Article Published in Overlook ATJ Summer 2017
“The problem of living is, at bottom, an economic one. And this alone is bad enough, even in a period of so-called ‘normalcy.’ But living has been considerably complicated of late in various ways — by war, by questions of personal liberty, and by ‘menaces’ of one kind or another.”
Benton MacKaye wrote this in 1921 — when the world seemed extremely complicated and uncertain. I don’t think I’m alone in feeling we are now again struggling with much of the same fears and uncertainties. We seem to be at a pivotal point for our country and our planet. So, what can we do within the tiny space in which we have some control and certainty?
For MacKaye it was simple: “ there are three things: To walk, to see, and to see what you see.” Living as we do now, in Harpers Ferry, my husband, Chris and I need only to walk out our back door to see what we see.
There are a multitude of hikers passing through town. You can find them waiting in line for boxes at the post office, lounging in front of the Appalachian Trail Conservancy’s (ATC) headquarters, enjoying Pizza at Mena’s, our local Italian eatery, and checking-in back home with WIFI and coffee at the Guide Shack — a local, hiker-friendly coffee shop. And they visit Laura at the Harpers Ferry Outfitters for fuel and new boots. The hikers come in all shapes, sizes, ages, colors, and genders. The accents are different — from Deep South drawls to northern flat A’s — and the international contingent can often have you guessing. Conflicts revolve around how soon they should head off for food and political discussions are limited to the fact that they still can’t set up tents in the town proper.
Beyond the hikers, there is the community. My morning constitutional will take me past Harpers Ferry National Historical Park and the Appalachian National Scenic Trail park offices, where dedicated and talented public servants are busy meeting and greeting visitors from around the world. The ATC Visitor Center volunteers work seven days a week to share the story of the Appalachian Trail to one and all passing through their door.
With just a few more steps you can follow the white blazes through town and back onto the Trail. Heading north, you walk along the C&O Canal to where the A.T. veers left up Weverton cliffs and beyond to Katahdin. The southern trek takes you across the Shenandoah River and a climb up Loudoun Heights from where Springer Mountain lies just a little over 1,000 miles.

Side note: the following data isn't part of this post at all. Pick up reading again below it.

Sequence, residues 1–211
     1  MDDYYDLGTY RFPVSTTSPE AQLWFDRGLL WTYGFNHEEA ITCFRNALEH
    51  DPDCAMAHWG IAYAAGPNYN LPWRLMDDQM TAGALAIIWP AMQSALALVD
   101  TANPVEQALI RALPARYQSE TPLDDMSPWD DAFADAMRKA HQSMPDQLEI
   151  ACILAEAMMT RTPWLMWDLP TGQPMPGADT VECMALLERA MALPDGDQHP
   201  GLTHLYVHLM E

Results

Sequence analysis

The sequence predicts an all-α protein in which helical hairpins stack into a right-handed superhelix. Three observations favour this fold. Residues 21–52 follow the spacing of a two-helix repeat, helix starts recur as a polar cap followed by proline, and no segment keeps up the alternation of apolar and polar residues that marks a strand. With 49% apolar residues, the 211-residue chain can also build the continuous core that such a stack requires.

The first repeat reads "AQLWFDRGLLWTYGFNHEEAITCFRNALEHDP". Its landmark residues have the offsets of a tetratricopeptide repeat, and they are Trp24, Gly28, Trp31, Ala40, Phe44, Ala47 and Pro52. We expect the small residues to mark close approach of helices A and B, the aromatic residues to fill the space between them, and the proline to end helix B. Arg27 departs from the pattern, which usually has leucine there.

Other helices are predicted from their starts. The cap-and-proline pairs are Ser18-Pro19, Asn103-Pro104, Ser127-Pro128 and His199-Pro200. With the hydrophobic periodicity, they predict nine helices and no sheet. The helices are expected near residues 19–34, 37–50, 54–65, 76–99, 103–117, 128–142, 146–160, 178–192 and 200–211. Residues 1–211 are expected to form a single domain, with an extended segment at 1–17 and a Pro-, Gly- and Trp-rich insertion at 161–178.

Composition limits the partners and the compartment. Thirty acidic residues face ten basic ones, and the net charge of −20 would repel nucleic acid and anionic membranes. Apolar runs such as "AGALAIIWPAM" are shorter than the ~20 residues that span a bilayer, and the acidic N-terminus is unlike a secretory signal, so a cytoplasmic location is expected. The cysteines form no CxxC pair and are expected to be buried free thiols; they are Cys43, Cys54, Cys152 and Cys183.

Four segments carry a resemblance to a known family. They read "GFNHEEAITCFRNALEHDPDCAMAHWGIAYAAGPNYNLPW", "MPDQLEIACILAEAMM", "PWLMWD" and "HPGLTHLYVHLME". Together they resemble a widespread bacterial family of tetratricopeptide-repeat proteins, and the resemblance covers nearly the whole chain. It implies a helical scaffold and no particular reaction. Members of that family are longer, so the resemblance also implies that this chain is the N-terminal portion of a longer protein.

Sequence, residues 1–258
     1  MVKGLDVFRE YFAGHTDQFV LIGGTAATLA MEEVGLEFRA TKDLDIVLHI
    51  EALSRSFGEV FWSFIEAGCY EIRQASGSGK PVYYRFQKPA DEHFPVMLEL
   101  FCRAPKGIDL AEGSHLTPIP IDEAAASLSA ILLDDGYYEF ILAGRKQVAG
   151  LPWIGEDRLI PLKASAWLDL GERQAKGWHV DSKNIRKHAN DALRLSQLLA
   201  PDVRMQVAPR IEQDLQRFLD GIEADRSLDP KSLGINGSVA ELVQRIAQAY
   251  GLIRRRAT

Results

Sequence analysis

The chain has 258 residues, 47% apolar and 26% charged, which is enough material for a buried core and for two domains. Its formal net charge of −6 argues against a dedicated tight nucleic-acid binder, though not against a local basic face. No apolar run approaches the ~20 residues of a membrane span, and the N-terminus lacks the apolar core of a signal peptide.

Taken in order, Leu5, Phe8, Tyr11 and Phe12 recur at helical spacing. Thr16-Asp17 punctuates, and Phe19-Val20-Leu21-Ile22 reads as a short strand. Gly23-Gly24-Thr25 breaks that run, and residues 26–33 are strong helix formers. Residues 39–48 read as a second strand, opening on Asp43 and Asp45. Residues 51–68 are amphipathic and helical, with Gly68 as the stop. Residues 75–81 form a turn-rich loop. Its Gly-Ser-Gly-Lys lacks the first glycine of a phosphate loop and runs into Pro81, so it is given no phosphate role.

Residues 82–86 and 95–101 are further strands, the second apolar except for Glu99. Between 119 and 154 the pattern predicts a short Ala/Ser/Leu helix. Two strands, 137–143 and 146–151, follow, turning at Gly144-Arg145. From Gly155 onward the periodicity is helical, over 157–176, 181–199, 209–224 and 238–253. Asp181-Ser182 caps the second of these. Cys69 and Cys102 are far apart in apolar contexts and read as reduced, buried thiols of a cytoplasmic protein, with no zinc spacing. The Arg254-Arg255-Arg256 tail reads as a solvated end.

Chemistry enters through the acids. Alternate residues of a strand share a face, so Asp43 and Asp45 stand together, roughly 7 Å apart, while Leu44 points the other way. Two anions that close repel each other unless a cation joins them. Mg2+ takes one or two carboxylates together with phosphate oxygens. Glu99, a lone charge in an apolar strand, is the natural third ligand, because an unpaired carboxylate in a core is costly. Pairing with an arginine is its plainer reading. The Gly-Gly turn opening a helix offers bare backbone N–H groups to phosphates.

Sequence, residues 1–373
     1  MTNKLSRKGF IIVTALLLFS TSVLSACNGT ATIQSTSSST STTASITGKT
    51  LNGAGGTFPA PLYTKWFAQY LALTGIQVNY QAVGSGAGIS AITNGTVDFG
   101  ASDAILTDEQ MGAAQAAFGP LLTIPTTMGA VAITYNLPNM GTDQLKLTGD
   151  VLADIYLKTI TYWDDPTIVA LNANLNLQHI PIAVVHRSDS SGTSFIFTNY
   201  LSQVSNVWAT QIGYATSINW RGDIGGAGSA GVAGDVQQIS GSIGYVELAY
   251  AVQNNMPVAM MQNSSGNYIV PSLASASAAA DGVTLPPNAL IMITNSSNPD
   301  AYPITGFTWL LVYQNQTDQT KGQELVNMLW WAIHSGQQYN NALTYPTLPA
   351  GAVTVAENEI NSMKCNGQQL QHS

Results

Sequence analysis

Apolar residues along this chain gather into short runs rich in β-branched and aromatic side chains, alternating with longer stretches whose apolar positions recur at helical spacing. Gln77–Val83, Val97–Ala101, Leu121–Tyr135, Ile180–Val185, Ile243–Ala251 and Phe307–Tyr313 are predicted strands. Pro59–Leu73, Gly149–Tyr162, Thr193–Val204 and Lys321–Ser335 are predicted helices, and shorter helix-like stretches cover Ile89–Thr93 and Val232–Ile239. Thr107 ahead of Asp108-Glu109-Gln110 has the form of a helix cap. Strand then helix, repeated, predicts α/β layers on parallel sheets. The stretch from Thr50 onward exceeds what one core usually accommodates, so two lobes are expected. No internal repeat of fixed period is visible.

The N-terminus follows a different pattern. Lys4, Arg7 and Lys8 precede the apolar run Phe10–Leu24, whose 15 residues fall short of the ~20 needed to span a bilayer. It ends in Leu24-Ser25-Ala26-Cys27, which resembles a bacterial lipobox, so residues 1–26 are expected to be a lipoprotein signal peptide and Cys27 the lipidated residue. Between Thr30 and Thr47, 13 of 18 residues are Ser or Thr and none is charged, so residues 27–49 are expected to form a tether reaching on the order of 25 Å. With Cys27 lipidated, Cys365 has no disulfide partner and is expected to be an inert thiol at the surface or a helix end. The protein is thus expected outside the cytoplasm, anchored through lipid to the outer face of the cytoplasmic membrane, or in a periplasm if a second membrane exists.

It is a beautiful town and a gateway to the even more spectacular refuge that is the Appalachian Trail. Yet, in all honesty, and with all this literally out my back door, I too often find myself engrossed in news reports and on-line chatter. I succeed only in raising my blood pressure and reducing my spirit. In reading MacKaye, I realize that this, unfortunately, is the default human condition. He wrote: “For we need this thing wilderness far more than it needs us. Civilizations (like glaciers) come and go, but the mountain and its forest continue the course of creation’s destiny. And in this we mere humans can take part-by fitting our civilization to the mountain.” Ninety- six years later, this still rings true. I’m lucky to live in a town that has fit its civilization into the mountain. I just need to walk out my back door more often. Here’s hoping you too can take that walk, to see, and to see what you see.
Sandra Marra / ATC Chair, FBRM Board Member
The Appalachian Trail Conservancy (ATC) was founded in 1925 by volunteers and federal officials working to build a continuous footpath along the Appalachian Mountains. A unit of the National Park Service, the A.T. ranges from Maine to Georgia and is approximately 2,190 miles in length. It is the longest hiking-only footpath in the world. The mission of the ATC is to preserve and manage the Appalachian Trail – ensuring that its vast natural beauty and priceless cultural heritage can be shared and enjoyed today, tomorrow, and for centuries to come. For more information, please visit www.appalachiantrail.org